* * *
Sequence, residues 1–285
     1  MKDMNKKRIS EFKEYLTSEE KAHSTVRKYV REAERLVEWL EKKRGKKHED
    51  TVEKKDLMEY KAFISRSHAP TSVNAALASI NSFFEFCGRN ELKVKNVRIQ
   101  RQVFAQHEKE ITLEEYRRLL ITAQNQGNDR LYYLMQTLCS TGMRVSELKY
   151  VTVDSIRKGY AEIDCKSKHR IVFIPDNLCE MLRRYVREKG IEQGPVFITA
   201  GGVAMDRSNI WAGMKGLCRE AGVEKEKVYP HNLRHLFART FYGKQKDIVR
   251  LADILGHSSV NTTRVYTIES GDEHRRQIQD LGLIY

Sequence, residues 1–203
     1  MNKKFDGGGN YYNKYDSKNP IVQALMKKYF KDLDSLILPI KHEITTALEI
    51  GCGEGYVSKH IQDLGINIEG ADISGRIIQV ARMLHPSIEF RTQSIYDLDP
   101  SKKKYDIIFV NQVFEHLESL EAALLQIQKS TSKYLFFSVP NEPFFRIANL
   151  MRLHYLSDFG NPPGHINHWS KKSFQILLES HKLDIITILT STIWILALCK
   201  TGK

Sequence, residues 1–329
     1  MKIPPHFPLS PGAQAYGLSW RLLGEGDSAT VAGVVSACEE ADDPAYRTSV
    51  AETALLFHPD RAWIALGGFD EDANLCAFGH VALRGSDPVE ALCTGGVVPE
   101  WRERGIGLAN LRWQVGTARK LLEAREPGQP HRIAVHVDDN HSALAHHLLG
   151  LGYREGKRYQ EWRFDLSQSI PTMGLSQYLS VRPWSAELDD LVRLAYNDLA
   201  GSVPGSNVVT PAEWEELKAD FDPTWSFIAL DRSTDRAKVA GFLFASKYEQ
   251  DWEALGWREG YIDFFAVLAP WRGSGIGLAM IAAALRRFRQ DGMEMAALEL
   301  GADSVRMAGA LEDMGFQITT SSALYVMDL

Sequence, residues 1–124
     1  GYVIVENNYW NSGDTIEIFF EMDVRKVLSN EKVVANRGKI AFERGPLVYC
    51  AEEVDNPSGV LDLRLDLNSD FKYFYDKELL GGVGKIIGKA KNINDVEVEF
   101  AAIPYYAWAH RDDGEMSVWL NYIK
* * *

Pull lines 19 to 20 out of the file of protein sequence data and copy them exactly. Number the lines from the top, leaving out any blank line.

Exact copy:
   201  GSVPGSNVVT PAEWEELKAD FDPTWSFIAL DRSTDRAKVA GFLFASKYEQ
   251  DWEALGWREG YIDFFAVLAP WRGSGIGLAM IAAALRRFRQ DGMEMAALEL